However, any feeling of frustration at missing out, through injury, on the closing stages of the qualifying campaign in New Zealand was kept well concealed as he joined the celebrations in the wake of victory over UAE in the final of the World Cup Qualifying Trophy.
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Still nursing a wrist injury which forced him to miss the latter stages of the tournament, it was his replacement as leader, Preston Mommsen, who led the way with a brilliant 139 not out in a 41-run win at the Bert Sutcliffe Oval, Lincoln.
The victory secured a return to New Zealand a year from now when, all being well, Coetzer, the Northamptonshire batsman, will be back at the helm to lead the Scots in a mouth-watering series of fixtures.
They open up against the co-hosts New Zealand in Dunedin on February 17 before taking on England at the Hagley Oval, Christchurch, in what will be a first World Cup meeting with the Auld Enemy. Matches against Afghanistan and Bangladesh follow in Dunedin and Nelson before the Scots travel to Tasmania to complete the group phase against Sri Lanka and the other co-hosts Australia at Bellerive Oval, Hobart, on March 14.
Coetzer was happy to delight in the efforts of his team-mates and particularly Mommsen who had been forced to miss last November's World T20 qualifiers with a pelvic injury.
"I don't think we could have asked for any more from all the guys and I don't really think things could have gone any better," said Coetzer, the former Stoneywood-Dyce player. "I am especially pleased for Preston because it was tough for him not being at the T20s and, of course, you can see from his performances here that you can't replace guys like that. He has matured and shown his class with the way he can hit boundaries and then find gaps to get off strike."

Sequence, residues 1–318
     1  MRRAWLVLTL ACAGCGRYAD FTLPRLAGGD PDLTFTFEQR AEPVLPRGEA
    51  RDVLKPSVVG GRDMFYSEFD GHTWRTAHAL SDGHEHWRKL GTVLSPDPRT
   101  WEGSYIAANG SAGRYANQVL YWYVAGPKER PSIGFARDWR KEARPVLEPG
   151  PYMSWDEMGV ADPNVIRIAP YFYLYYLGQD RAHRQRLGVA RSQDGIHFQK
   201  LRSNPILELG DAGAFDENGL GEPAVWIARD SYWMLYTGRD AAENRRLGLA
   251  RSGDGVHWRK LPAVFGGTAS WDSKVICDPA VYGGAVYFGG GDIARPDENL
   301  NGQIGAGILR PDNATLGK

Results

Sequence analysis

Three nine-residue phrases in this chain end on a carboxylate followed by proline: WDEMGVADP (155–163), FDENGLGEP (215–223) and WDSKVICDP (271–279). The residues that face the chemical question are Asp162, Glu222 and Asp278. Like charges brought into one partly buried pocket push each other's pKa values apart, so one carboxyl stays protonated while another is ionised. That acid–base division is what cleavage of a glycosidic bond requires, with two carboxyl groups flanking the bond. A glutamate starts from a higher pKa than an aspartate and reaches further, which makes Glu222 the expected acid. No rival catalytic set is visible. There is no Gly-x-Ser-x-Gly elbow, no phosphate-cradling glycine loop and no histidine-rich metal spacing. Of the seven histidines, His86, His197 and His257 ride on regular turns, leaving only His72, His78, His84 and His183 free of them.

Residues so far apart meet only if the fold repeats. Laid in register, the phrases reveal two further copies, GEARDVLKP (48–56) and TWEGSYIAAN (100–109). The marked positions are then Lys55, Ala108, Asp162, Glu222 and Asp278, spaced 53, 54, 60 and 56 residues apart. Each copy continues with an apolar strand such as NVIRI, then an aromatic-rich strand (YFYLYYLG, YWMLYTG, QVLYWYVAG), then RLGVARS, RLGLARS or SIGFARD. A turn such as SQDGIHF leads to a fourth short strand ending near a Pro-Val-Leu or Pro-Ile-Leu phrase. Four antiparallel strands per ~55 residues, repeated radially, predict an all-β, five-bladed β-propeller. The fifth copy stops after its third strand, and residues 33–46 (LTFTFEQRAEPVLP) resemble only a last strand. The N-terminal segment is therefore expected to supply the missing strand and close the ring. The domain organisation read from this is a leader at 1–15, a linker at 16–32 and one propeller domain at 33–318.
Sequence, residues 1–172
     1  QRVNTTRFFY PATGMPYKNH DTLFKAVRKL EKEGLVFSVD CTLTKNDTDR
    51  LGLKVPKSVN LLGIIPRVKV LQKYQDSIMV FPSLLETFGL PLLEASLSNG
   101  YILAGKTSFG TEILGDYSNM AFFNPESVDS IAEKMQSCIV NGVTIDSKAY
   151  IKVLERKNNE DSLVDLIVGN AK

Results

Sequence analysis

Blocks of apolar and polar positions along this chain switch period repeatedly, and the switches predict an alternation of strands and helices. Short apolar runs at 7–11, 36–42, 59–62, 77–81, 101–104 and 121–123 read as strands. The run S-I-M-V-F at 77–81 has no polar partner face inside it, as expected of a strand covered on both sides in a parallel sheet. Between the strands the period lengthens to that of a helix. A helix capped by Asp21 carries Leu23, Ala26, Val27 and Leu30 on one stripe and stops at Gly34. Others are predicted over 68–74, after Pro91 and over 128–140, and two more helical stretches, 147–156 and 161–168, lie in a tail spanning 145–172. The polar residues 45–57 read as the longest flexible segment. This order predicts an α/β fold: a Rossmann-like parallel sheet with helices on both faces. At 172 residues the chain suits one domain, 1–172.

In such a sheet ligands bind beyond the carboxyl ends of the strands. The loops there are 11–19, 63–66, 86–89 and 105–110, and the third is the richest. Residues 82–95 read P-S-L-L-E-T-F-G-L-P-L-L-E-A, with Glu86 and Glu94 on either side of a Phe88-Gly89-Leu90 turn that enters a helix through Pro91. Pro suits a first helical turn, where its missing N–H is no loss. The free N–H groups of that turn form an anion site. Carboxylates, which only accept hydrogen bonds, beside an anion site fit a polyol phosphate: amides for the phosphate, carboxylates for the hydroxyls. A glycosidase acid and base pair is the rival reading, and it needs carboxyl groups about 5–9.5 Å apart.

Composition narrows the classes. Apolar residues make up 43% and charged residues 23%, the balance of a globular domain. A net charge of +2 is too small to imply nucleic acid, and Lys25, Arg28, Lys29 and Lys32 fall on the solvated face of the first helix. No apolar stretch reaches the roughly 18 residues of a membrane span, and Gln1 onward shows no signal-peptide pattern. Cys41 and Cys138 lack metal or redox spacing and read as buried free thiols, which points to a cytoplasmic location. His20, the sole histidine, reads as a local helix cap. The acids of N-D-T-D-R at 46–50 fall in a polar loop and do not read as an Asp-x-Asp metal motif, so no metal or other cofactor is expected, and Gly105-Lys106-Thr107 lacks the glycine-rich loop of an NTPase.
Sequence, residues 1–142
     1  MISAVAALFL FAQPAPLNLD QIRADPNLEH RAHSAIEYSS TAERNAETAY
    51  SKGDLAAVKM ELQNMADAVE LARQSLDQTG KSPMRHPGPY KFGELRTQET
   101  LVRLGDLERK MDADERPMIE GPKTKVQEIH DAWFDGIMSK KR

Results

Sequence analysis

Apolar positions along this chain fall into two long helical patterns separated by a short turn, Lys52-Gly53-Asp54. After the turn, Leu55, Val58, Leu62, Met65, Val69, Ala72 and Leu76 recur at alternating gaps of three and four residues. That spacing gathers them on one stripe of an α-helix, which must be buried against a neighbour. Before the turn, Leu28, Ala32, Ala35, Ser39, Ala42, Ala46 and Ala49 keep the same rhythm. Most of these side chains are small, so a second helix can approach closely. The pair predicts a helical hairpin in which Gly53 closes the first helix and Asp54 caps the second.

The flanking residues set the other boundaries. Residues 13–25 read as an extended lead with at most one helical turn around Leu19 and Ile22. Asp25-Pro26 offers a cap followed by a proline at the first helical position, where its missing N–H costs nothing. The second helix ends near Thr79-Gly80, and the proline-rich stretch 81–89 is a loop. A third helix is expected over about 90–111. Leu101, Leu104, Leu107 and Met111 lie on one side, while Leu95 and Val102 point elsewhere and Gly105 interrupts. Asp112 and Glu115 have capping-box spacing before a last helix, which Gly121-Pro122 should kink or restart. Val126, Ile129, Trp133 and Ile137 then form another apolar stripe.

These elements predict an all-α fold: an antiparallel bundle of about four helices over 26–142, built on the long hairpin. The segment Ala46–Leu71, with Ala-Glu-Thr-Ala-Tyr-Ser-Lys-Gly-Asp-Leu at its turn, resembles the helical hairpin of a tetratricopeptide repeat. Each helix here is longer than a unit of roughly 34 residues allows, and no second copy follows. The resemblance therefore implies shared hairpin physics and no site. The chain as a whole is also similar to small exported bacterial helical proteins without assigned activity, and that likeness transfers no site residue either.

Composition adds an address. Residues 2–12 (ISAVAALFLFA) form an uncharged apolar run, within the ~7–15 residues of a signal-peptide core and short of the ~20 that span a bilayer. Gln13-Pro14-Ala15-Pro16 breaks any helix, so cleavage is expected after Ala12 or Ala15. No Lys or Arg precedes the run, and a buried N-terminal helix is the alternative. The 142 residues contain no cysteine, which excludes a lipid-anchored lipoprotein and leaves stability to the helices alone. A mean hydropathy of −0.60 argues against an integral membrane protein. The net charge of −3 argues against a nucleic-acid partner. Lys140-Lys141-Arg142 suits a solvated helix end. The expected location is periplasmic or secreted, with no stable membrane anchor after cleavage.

Mommsen was named Player of the Tournament after scoring 520 runs at an average of almost 87 with two centuries, but the top score in the tournament belonged to Calum MacLeod, another of Scotland's successes.
MacLeod's 175 against Canada was the 19th highest score in all one-day internationals and enough to secure a trial with Durham in April for the man who was released by Warwickshire three years ago.
"Calum has worked so hard," said Coetzer. "He went through a really tough time in his career but he has turned himself into an exceptional batsman. At times he can be impossible to bowl at with the range of strokes he has."
While this is a time for some hearty mutual back-slapping, there is also an acknowledgement that a lot of hard work lies ahead if Scotland are to make an impression and perhaps claim a scalp or two at the World Cup.
Paul Collingwood, the interim-joint coach whom the Scots will invite to stay on in a consultancy role, said: "These guys definitely have the skills.They've certainly got it with the batting and the fielding is exceptional but there are some areas we've got to work on with the bowling."